Virtual Alabama: Catalyst for Government-wide Empowerment

Virtual Alabama uses geospatial data to aid first responders, educators and economic developers to name a few.

by / October 31, 2008

Photo: Alabama Homeland Security Director James Walker

Alabama has seen 451 tornadoes since Governor Bob Riley's inauguration. Furthermore the state was deluged with rains from Hurricane Katrina in 2005. That's when Gov. Riley turned to his homeland security director James Walker with a challenge. Riley asked Walker how was he going to apply for federal assistance if he didn't know what the affected area looked like before the hurricane. And shouldn't the state have that imagery in an easily accessible place and not just a picture of the aftermath?

That's when Walker went for a solution that would allow geospatial data to be stored on a common platform and easily shared and accessible to the state Department of Homeland Security so the governor could justify his request for assistance to the Federal Emergency Management Agency. He thought he might find it in government, but to no avail. So he turned to the private sector and eventually found it at Google, Walker told attendees of a lunch session Oct 30th at the Technologies for Critical Incident Preparedness conference in Chicago. 

Selling the Mash Up
The data Walker needed resided in agencies across the state, and often in counties and cities. And, as often happens, those agencies were reluctant to give up their data without something in return. They had to be convinced that they would be able to access their data on a statewide platform. Another concern they had was this: Once they gave up the data, who was going to tell them what they could and could not do with it? The result is a common operating platform that provides free layered geospatial data from agencies across the state and that allows all areas of government to do their jobs better. And the best part? The state doesn't tell the agencies how to use the information. And that, says Walker, is spurring some innovative applications.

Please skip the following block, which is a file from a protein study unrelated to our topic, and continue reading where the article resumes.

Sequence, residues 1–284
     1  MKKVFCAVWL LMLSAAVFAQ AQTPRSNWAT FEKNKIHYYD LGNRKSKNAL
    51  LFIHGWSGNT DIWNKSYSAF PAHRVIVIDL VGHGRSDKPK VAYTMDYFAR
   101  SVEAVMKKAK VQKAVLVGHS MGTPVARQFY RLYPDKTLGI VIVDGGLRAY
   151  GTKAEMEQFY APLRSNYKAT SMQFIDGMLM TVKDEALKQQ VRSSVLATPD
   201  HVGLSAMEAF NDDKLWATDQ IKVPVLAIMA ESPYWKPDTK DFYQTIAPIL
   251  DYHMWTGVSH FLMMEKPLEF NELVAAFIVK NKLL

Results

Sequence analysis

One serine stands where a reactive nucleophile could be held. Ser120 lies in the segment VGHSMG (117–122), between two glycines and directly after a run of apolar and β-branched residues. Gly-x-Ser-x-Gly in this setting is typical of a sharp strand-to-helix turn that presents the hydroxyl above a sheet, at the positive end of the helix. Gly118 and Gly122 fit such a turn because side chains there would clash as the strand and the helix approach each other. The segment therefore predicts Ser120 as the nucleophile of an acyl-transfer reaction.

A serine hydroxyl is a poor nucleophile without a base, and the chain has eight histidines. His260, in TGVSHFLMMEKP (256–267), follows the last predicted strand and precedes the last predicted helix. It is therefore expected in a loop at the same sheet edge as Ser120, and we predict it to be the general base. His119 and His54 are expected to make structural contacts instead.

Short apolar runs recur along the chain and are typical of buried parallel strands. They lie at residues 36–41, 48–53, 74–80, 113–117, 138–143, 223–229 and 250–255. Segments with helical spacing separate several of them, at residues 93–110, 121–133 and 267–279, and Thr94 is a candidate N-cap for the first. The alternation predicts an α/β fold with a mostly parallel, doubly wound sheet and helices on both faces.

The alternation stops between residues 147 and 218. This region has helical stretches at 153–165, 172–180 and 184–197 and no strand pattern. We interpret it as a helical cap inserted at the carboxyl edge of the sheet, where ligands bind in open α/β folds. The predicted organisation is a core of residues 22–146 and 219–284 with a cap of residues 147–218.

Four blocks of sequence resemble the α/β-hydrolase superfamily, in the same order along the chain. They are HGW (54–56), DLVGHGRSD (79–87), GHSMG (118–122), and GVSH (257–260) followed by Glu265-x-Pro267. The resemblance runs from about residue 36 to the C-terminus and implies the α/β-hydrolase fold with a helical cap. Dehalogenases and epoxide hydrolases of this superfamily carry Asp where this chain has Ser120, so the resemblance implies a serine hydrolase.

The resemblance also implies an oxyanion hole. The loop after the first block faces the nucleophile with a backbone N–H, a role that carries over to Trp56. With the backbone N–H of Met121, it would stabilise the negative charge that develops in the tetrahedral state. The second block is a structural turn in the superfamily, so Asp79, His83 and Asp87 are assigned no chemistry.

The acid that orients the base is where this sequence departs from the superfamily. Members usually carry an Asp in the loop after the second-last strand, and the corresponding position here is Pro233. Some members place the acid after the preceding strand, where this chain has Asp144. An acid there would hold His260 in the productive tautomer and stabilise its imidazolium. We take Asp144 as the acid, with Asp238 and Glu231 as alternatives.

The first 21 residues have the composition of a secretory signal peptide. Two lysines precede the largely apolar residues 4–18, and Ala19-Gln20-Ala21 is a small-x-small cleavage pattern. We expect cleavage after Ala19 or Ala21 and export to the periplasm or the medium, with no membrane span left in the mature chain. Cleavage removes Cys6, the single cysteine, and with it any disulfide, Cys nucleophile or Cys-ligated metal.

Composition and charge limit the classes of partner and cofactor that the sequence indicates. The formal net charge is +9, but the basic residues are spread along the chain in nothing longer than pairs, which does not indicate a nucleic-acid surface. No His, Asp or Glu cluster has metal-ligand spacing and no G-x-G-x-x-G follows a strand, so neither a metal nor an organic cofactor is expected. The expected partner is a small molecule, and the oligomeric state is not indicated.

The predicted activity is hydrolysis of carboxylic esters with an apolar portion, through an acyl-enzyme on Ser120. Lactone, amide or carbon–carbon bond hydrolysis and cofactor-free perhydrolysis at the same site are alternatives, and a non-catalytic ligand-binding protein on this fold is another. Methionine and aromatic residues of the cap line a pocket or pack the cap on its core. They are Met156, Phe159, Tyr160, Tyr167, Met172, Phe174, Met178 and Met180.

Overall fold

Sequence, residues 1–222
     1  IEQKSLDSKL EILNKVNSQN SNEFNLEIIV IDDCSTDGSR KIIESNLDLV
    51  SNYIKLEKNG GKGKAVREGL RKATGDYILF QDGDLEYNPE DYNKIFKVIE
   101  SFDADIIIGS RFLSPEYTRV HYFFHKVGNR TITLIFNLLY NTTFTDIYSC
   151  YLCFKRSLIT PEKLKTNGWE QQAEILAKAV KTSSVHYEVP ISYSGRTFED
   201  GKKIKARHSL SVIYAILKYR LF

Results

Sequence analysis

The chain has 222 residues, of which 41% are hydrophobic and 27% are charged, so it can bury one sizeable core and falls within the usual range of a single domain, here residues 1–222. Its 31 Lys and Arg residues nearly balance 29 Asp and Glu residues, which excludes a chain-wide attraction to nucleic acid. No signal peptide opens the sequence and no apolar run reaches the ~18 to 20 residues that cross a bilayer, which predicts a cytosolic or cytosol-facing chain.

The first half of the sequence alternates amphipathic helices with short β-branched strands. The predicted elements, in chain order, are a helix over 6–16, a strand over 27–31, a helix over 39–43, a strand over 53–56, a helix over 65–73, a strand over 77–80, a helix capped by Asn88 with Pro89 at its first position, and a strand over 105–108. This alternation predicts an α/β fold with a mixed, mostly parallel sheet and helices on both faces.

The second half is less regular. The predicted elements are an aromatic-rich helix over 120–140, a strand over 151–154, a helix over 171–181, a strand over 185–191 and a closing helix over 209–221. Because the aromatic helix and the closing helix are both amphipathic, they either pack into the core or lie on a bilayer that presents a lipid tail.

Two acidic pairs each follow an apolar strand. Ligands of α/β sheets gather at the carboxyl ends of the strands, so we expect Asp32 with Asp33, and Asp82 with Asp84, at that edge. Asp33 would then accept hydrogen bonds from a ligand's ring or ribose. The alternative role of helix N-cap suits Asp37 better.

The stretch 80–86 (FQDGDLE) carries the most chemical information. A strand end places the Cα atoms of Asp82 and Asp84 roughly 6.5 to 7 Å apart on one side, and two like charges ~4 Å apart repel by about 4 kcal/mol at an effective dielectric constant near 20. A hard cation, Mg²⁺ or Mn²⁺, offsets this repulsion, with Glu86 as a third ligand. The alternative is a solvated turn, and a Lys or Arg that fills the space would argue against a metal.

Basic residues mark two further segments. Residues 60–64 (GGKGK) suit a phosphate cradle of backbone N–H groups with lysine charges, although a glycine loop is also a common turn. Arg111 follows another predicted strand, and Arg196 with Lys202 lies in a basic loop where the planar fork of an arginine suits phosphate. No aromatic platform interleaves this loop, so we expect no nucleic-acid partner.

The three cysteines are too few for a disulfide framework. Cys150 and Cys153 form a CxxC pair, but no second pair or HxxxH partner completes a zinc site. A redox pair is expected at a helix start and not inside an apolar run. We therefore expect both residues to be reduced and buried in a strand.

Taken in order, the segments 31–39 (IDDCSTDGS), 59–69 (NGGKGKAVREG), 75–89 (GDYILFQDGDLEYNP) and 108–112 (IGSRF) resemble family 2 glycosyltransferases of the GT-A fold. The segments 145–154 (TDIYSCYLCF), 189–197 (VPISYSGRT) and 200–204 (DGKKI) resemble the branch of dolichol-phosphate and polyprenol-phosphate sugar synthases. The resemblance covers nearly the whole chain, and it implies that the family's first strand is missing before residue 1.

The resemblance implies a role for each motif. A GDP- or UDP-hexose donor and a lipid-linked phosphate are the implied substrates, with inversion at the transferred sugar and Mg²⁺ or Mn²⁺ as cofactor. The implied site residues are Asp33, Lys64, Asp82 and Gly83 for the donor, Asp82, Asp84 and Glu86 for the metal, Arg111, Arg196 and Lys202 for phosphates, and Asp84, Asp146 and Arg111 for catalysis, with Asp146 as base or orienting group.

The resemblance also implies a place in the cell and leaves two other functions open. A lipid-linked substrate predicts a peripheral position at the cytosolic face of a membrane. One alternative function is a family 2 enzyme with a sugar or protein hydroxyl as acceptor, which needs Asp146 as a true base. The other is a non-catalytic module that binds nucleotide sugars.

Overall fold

The Revolution
Therein lies the truly empowering aspect of Virtual Alabama; because what started out as a homeland security/emergency management damage assessment tool, has become a facilitator for other areas of government throughout the state. The system currently has about 4,000 users across 1,100 agencies, Walker said. Virtual Alabama has also become a reason to share information to give people such as bomb technicians and principals the tools to keep citizens safe.  The potluck approach to this application means that the Civil Air Patrol can fly around and take pictures; firefighters can model buildings in their spare time at the station house;  police can plot the location of a sex offender in relation to a school, daycare center or other area where children are.  Geospatial data from Virtual Alabama can also be used for recruiting companies and identifying property owners. Virtual Alabama can even show the user the real-time location of all the forest fires burning across the country, as Walker demonstrated during the session.

Public Safety and Emergency Management

Police officers, and firefighters and others involved in responding to an emergency or natural disaster have benefited greatly from this system. For example, the location of every radio tower in Alabama is plotted on a map that also shows how much coverage they provide. And Virtual Alabama provides commanders with the real-time location of each of the patrol cars and officers under his or her control.